And that's what Lendell Seay found himself in.
Seay lives in this complex that houses only formerly homeless veterans. While there is no firm program that he has to follow, he has access to support services, including onsite case managers, mental health counseling, substance abuse treatment, and even a community garden.
Officials in L.A. point to research showing nearly 90 percent of chronically homeless people remained housed after five years using this model.
For Seay, who has been sober for more than 2 years, it's more than he had hoped for.
LENDELL SEAY: It feel good. Sometimes, I walk around the apartment and no TV or nothin' on and just singin' for no reason at all.
And then I catch myself doin' it and I start to laugh and I say, "You must be goin' crazy now." But I'm just happy, it feel–
JOHN CARLOS FREY: A good crazy.
LYNDELL SEAY: It feel good.
JOHN CARLOS FREY: There is no time limit on staying in the apartment.
Residents generally pay 30% of their income in rent – for Seay that's $470 from his pension. The rest is subsidized with a federal voucher specifically for homeless veterans. Since 2008, nearly 80,000 of these vouchers for homeless vets have been awarded around the country.
CHRISTINE MARGIOTTA: I'll sign it, thank you.
JOHN CARLOS FREY: Christine Margiotta runs Home For Good for The United Way of Greater Los Angeles, which has coordinated the efforts of hundreds of service providers working to help homeless vets. She says housing for the homeless – including veterans – is less expensive than trying to care for people on the street, which costs nearly $1 billion dollars annually in L.A.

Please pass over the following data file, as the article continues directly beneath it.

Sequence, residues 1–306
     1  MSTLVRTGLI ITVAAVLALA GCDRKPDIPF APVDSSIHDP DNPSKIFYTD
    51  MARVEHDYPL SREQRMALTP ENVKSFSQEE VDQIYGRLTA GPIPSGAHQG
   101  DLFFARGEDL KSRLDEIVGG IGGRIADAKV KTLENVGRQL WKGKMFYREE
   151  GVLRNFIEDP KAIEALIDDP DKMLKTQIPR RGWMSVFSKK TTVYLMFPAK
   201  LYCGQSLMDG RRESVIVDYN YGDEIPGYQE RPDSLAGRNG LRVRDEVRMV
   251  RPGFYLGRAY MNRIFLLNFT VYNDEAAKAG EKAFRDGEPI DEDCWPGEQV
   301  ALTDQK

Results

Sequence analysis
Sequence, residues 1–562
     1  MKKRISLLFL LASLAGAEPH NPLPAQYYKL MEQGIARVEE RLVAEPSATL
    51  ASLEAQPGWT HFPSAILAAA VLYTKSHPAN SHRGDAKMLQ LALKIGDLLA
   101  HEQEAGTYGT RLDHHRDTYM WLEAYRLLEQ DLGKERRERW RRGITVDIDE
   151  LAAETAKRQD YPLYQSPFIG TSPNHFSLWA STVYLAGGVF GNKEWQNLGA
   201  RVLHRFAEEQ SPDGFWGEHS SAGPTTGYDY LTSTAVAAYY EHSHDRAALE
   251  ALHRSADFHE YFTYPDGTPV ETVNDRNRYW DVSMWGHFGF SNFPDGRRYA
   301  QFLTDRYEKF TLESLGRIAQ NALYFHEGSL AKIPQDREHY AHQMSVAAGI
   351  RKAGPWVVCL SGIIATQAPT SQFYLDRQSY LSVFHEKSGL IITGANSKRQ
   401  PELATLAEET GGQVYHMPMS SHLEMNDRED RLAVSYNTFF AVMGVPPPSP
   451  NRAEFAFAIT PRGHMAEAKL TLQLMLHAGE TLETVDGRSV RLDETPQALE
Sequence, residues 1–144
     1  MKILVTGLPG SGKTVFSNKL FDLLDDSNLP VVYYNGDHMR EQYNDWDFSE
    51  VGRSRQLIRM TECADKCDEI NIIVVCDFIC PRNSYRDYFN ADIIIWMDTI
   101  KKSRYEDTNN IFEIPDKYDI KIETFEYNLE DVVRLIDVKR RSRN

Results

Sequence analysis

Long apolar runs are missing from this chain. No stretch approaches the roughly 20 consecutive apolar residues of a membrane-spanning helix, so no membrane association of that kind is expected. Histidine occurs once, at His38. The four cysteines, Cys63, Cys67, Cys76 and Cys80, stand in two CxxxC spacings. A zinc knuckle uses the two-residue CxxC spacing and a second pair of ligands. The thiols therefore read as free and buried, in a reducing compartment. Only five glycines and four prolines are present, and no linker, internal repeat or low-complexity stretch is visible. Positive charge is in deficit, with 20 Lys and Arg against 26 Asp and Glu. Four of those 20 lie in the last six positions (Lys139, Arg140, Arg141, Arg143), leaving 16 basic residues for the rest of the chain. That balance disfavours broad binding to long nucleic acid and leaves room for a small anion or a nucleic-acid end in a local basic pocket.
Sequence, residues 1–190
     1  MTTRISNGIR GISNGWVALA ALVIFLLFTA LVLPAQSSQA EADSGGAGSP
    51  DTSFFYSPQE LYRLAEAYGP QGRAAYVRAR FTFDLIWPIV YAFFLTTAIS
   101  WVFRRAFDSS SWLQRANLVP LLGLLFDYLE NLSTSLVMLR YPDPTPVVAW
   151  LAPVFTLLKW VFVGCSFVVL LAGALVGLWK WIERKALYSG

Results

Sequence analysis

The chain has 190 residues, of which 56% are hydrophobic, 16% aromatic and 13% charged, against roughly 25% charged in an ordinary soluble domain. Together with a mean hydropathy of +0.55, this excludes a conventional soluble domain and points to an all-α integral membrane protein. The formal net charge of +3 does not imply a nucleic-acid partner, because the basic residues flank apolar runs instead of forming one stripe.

CHRISTINE MARGIOTTA: Because that person is using the emergency rooms for their primary health care. They may be cycling in and out of jail or prison. They're really suffering out on our streets. What we know is that permanent supportive housing is actually 40% cheaper than leaving someone on the streets and– and, in our minds, doing nothing.
JOHN CARLOS FREY: But despite the progress made, there's no shortage of homeless people, including veterans, on the streets of Los Angeles. Early one morning this past March, we went to skid row in Downtown L.A. with outreach workers from US Vets, a non-profit veteran support group. There we met Benjamin Barraza Jr.
JOHN CARLOS FREY: Can I ask you how long you've been on the streets?
BEN BARRAZA: How long? Right now, it's– it's– since I've been– out of prison? Two years ago.
JOHN CARLOS FREY: You've been on the street for two years?
BEN BARRAZA: Yeah.
JOHN CARLOS FREY: Barraza is an Army veteran who served from 1971 to 1974. But he told us that he'd also spent time in prison. Since he's been out, he's been staying in skid row shelters. He showed us the few essentials items that he keeps with him.
BEN BARRAZA: I got it all here, man. You know, this is my little kit, you know. you gotta keep clean, smell clean, you know.